Canada will return spent uranium inventories to the U.S., Harper says

WASHINGTON — Stores of weapons-grade uranium imported to Canada from the United States to make medical isotopes will be shipped back south of the border amid fears it could fall into terrorist hands and be used to launch nuclear attacks.

Prime Minister Stephen Harper meets with Prime Minister of India Manmohan Singh at the Nuclear Security Summit in Washington

Prime Minister Stephen Harper meets with Prime Minister of India Manmohan Singh at the Nuclear Security Summit in Washington

WASHINGTON — Stores of weapons-grade uranium imported to Canada from the United States to make medical isotopes will be shipped back south of the border amid fears it could fall into terrorist hands and be used to launch nuclear attacks.

Prime Minister Stephen Harper announced Monday that the U.S. and Canada have reached a deal to ensure that hundreds of kilograms of spent, highly enriched uranium at the Chalk River Laboratories near Ottawa is sent stateside.

“Canada recognizes that nuclear terrorism is an immediate threat to global security,” Harper said Monday in Washington, where he’s attending U.S. President Barack Obama’s landmark nuclear security summit along with dozens of other world leaders.

“Terrorists could possibly use highly enriched uranium found in spent nuclear fuel to make bombs. The best defence is to store nuclear material in conditions of maximum security.”

Starting this year and for the following eight years, Harper said, the uranium will head south, where it will be converted by the U.S. Department of Energy into a form that cannot be used for nuclear weapons.

The White House reacted positively to Harper’s announcement.

“We welcome this important announcement from Prime Minister Harper, which demonstrates Canada’s strong leadership on nuclear security, and its close partnership with the United States on key global issues,” said the White House press secretary in a statement released Monday evening.

Chalk River is the world’s leading producer of medical isotopes, used in radiation therapy. But after the isotopes are manufactured, the uranium is kept in Canada and has been accumulating for 20 years.

John Polanyi, the leading Canadian scientist who won the Nobel Prize for chemistry, recently told The Canadian Press that there’s enough material at Chalk River “for quite a number of Hiroshima-sized nuclear weapons.”

On Monday, Polanyi praised the announcement that came just a few days after he personally urged Harper to practise good “global citizenship” and send the stores of uranium back to the U.S. for secure disposal.

“It’s a very welcome move on the prime minister’s part,” he said from Toronto.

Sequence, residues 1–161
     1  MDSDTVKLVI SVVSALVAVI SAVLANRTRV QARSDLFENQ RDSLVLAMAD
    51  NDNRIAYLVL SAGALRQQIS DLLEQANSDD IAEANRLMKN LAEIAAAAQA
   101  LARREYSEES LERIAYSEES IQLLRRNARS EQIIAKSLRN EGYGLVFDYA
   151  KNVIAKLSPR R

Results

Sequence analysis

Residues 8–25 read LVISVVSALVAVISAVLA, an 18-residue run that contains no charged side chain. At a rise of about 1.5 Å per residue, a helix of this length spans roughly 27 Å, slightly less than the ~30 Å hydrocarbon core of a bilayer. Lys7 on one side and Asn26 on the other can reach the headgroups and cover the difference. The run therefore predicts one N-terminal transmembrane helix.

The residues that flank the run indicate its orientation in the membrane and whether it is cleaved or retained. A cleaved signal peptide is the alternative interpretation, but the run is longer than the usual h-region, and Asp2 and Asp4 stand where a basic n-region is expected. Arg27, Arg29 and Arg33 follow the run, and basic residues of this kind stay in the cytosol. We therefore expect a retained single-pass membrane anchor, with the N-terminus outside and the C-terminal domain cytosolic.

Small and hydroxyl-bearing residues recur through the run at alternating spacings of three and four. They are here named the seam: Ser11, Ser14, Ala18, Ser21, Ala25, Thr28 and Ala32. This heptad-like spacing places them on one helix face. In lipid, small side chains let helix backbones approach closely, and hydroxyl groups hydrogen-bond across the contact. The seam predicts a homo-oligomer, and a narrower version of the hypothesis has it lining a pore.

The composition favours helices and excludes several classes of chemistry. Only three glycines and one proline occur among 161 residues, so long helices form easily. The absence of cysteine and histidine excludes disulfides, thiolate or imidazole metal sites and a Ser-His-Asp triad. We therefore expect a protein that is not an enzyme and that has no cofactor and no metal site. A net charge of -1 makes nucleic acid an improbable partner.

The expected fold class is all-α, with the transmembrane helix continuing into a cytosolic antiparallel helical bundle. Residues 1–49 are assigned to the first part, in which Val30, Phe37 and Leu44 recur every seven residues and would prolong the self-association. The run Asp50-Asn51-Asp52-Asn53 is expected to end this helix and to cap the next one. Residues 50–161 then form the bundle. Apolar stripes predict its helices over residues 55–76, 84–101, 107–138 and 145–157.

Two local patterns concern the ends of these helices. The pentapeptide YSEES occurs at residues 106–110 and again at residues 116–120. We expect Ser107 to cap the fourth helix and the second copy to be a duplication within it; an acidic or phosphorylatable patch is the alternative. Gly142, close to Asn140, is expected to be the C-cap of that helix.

“After the isotopes are manufactured, the residue is just as highly enriched as it ever was and just as hazardous. We shouldn’t have commercial trafficking in anything so dangerous as highly enriched uranium … we need to stop dealing in highly enriched uranium; not just us, but all the countries of the world.”

The Chalk River reactor has been off-line for a year for repairs, and could re-open this summer. But the federal government has signalled it’s moving out of the medical isotopes business, announcing recently it will not build another reactor to replace the aging facility.

The Chalk River situation placed Canada in a conundrum at the nuclear summit. While it’s one of several countries pushing for all nations to move to low-enriched uranium from high-enriched — the technical term for weapons-grade uranium — it had yet to deal with its own mounting stockpiles at Chalk River.

Canada doesn’t produce weapons-grade uranium, and has been importing it for the past two decades from the U.S. for its isotope-producing reactor.

Harper insisted Monday that the uranium stored at Chalk River was never in any danger of being acquired by terrorists for nefarious purposes, and described security at Canada’s nuclear facilities as “world-class.”

“While all this material is obviously highly secure in Canada … it’s our view that the best thing for all countries to do, not just ourselves, is to return such material to their countries of origin, and so we want to encourage others to do that as well.”

When asked why Canada doesn’t convert the uranium itself, Harper said the federal government isn’t interested in getting into the business of producing and managing highly enriched uranium.

Harper is in Washington for Obama’s two-day summit, along with others including Russian President Dmitry Medvedev, Chinese President Hu Jintao and Indian Prime Minister Manmohan Singh.

The summit, being held amid the tightest security since Obama’s inauguration last year, comes following a new arms reduction treaty between the U.S. and Russia signed in Prague. The pact will diminish nuclear warheads in each country by about 30 per cent.

Polanyi praised Obama for getting the ball rolling on the issue of highly enriched uranium.

“It’s first rate that Mr. Obama’s initiative has caused this result, and that Mr. Harper has used the opportunity to return this material to the United States, where it will be securely guarded.”

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